Indians. On the 31st October in that year, further
measures were adopted for the purpose, a new Clerk
was chosen, and money was granted to pay for preach-

It may be here stated that the Proprietors sustained
the preaching of the gospel for from four Sabbaths to
half the Sabbaths annually, for eight or ten years previ-
ously to the settlement of the first minister/

The First Grist Kill,

The first Corn Mill was built on Miller's river, in
what is now the North Village, about 1759, by Mr.
Bartholomew Parsons.*

1 See Note T. 2 See Note U. 3 See Note V. 4 See Note W.
o See Note X.


Soon after this, a bridge and a long causeway were
built over Miller's river and the meadow, on the coun-
ty road, near where Mr. Phineas Ball now lives. ^

In 1762, a bridge was built over Miller's river, in
the North Village, against where the wool factory dye
house now stands.'

The First Meeting House.

The Proprietors erected a meeting house in 1762.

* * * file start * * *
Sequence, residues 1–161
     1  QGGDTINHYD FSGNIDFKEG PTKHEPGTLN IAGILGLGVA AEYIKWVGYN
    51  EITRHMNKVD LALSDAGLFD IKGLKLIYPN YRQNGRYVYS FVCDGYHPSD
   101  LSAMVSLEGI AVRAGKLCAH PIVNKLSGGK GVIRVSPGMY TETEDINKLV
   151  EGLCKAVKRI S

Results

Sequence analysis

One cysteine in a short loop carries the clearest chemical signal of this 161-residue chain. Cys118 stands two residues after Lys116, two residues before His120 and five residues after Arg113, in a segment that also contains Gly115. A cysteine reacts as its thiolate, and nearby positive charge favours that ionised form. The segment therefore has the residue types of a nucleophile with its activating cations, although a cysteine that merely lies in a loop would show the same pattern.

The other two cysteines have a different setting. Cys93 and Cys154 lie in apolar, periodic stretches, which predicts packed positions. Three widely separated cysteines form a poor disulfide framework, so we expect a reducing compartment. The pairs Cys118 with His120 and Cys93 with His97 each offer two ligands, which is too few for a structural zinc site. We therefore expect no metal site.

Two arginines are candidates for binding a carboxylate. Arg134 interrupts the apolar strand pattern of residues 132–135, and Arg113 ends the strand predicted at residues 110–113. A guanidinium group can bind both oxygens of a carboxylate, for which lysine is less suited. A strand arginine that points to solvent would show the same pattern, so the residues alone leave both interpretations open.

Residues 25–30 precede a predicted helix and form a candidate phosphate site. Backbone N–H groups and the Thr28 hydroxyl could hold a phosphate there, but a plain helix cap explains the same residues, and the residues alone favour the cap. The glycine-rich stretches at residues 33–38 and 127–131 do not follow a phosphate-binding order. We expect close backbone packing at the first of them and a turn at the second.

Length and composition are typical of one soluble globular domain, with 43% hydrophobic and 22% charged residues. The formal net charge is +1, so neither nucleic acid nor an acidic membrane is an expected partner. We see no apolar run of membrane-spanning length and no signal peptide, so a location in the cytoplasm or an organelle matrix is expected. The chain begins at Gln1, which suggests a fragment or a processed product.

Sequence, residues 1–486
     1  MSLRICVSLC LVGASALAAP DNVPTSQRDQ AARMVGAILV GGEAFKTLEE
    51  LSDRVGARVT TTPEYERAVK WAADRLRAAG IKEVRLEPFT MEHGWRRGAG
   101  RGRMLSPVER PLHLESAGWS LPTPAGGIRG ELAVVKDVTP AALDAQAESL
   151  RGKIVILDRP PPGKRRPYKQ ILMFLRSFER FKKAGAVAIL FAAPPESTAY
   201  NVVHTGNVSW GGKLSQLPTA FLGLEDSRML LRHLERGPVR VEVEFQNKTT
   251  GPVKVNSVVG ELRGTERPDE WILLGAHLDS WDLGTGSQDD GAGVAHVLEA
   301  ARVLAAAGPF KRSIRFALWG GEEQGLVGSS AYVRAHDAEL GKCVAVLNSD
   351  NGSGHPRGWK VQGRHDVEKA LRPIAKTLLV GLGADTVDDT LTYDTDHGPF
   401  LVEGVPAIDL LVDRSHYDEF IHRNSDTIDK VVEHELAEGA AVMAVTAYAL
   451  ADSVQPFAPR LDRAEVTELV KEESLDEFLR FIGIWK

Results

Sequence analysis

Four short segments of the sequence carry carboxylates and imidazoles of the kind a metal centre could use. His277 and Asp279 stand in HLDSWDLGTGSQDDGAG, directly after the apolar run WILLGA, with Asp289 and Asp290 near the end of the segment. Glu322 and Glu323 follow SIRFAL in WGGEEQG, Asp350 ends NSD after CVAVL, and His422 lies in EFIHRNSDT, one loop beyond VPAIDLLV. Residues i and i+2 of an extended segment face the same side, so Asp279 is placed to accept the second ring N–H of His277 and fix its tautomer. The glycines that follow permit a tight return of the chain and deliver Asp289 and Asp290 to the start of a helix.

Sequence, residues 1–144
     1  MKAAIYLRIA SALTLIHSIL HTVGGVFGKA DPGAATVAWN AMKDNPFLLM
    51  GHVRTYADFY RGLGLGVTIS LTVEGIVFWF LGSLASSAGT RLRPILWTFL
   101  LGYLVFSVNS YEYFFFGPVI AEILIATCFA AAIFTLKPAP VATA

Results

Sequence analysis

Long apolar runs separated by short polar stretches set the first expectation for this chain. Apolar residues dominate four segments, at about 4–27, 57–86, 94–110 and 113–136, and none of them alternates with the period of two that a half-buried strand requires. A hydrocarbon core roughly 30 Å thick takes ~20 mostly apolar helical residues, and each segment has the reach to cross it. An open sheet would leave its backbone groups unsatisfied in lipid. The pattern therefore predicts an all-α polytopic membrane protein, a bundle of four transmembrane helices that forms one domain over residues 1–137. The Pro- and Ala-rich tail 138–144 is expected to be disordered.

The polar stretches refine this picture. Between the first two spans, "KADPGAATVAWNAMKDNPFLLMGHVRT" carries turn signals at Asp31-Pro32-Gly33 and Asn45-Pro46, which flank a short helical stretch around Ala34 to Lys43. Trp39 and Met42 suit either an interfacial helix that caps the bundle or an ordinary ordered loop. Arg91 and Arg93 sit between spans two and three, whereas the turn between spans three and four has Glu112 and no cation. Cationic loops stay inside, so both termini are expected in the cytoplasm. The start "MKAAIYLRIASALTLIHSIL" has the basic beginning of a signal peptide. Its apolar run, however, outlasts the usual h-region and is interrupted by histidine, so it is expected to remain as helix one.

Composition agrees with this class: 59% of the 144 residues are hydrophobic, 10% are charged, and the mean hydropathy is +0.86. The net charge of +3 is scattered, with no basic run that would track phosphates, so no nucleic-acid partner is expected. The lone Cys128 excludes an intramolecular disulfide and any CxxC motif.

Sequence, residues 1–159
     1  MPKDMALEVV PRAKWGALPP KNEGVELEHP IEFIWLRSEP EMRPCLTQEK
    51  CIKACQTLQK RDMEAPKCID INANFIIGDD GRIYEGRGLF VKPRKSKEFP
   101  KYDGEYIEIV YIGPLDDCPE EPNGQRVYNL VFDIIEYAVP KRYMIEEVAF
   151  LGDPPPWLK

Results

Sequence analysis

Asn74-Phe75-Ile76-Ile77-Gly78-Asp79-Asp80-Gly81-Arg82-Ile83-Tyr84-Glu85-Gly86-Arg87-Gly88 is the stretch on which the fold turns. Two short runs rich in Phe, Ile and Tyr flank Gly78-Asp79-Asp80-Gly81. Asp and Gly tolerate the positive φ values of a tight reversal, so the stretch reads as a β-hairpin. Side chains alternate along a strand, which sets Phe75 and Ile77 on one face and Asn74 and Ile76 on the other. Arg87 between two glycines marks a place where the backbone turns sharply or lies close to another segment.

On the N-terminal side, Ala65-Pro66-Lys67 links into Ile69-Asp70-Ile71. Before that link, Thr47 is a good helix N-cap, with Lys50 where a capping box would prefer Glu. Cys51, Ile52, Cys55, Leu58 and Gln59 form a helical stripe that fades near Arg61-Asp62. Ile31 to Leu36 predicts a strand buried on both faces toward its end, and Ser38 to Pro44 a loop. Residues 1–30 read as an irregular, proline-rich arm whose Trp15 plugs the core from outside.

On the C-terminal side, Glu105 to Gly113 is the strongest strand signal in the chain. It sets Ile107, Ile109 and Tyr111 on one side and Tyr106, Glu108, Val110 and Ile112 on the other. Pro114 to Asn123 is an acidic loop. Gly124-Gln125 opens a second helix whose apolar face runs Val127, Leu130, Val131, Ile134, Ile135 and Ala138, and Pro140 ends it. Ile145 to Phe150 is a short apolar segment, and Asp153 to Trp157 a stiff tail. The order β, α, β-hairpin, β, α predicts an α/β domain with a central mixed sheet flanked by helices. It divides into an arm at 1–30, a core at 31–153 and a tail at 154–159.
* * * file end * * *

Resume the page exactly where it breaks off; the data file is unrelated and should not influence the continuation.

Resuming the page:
The Building Committee were Benjamin Goodridge,
Abijah Smith and Philip Goodridge. It was located
on the south part of the meeting house common. It
had side and front galleries. It had pews and many
free seats below and above. The outside of the house
was clapboarded, but never painted ; the inside was
unfinished, never having been either ceiled or plastered.

A Cemetery, or burying place is located about 1 00
rods easterly from the meeting house.^

Incorporation of the Town.

In 1763 the Proprietors, together with the inhabit-
ants, made arrangements releative to applying to the
Legislature for an Act of Incorporation.*

On the 14th of June, 1764, Ipswich Canada was
incorporated by an act of the General Court, when it
was made a town and called Winchendon.^

I See Kote Y . 2 See Note Z. 3 See Note AA. < See Note BB.
5 See Note CC.


Annexation of Royalston Leg.

When the township was first located, it was sup-
posed to extend northerly to New Hampshire ; but up-
on running the line afterwards between the States, it
was found that there was a mile in width, the whole
length of the town, left to Massachusetts. Upon the
granting of Royalston some years afterward, this strip
of land was annexed to that town, and ca.iied Royal-
ston Leg. When a number of families had got seat-
ed thereon, at their request, it was, in 1780, set to
Winchendon. It contained 3840 acres.

Land Set ofi" to Gardner.

In June 1785, a piece of land of 3630 acres was
taken from the the southeasterly part of this town to
help form the town of Gardner. Winchendon, how-
ever, still remains more than six miles square.

Distance from Boston and "Worcester.

This town is 60 miles N. W. by W. from Boston,